'Shaap' delicacies in Thrissur as part of food festival

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Thrissur: Never been to a Kerala toddy shop and enjoyed the drinks and 'touchings?' More so from those Thanneermukkam joints along the quaint old countryside by the Vembanad lake? Don't worry, that celebrated brand of ethnic dishes you get along with the ethnic alcoholic beverage in those shops of coastal Alappuzha district has reached this city, 120 km north of Thanneermukkom.

They are here as part of a festival, and hence available only for a specific time period. Take a break from the run-of-the-mill burger and noodles; instead rush to Hotel Luciya Palace here. That is, after 5.30 pm.

Of course, fish reigns the set of dishes. From karimeen (pearl-spot fish), varaal (mackerel), avoli (sailfish) and bral (striped snakehead) to pallathi (cichlid) and natholi (garlic fish), any variety of such fish exists aplenty across Kerala, but the condiments that go into them as masala make all the difference. It's here that the Thanneermukkom brand of dishes stands a cut above the rest.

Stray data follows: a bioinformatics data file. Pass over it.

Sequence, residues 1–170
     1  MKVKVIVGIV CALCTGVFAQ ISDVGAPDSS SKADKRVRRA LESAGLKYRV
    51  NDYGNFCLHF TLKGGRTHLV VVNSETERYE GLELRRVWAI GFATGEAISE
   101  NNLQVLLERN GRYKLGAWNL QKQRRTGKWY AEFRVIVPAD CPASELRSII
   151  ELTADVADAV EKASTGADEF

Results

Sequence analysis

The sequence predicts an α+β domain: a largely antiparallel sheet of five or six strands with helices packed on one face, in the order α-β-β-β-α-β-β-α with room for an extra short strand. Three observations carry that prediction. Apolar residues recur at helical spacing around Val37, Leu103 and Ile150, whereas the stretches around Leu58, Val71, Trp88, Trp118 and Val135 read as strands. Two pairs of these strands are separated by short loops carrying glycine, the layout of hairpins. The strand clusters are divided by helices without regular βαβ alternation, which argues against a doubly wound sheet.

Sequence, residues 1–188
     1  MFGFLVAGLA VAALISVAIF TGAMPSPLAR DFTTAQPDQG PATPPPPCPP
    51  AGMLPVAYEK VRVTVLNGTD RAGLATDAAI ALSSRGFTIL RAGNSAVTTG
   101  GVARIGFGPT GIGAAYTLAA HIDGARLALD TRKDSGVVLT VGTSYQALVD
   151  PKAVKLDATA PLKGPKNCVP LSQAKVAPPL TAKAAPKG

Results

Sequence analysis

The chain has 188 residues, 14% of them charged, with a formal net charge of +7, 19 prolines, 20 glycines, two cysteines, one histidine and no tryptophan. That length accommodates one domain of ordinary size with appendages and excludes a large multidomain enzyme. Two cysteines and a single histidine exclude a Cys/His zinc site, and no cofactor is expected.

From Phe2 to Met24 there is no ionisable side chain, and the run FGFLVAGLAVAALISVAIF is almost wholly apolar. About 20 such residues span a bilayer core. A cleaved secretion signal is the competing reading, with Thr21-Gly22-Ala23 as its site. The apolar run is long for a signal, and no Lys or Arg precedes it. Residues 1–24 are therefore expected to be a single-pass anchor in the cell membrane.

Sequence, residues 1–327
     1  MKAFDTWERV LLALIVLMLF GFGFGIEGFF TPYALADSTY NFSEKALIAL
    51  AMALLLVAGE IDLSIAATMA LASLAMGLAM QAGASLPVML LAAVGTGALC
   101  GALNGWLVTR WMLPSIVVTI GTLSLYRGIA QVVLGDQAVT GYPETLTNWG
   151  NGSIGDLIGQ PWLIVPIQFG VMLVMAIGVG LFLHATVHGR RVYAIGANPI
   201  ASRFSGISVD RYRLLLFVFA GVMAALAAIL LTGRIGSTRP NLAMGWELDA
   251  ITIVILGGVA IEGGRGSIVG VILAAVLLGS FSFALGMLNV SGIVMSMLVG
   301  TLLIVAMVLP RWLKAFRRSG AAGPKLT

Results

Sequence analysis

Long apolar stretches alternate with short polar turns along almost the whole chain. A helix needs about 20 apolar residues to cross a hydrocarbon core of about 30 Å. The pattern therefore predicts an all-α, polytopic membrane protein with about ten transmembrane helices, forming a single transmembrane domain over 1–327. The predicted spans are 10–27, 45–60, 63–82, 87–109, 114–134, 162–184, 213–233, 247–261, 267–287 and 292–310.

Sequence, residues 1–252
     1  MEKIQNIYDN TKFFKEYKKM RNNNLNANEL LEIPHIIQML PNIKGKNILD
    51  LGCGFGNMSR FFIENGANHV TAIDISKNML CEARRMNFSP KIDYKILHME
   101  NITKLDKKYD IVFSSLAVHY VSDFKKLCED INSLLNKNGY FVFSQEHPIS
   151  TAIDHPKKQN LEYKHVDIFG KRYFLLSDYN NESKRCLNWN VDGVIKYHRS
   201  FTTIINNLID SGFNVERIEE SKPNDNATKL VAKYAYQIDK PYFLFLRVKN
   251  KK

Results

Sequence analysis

The Thanneermukkom stall at Luciya sells delicacies such as burnt pearl-spot, fried mackerels, crayfish, and mussels. The famed prawns (chemmeen) come in both watery and dried form. Their masala may look the same, but the difference in the time-span for their cooking and the amount of coconut oil that goes along make defining difference in the tastes. In fact, this is the basic chemistry involved in the preparation.

Chicken is not in that much demand at Luciya, courtesy the influx of beef. The beef can be eaten even in the fried form. Only that the material, called idiyirachi, comes from the high ranges (Western Ghats) of Idukki; the cooks are also from that hilly terrain.

Then there's the special Thrissurian combo: beef, pork, raw banana, and koorka (Chinese potato). It's often served on the wedding-eves as a delicacy, but not many know its origin has been in toddy shops. Only that in such shops, the dish is hotter and is also called koorka peralan. Again, the masala's condiments matter a lot.

Vegetable curries are, predictably, unimportant. Peas and potatoes make curries for the vegetarians opting for items such as pathiri, appam, or poratta.

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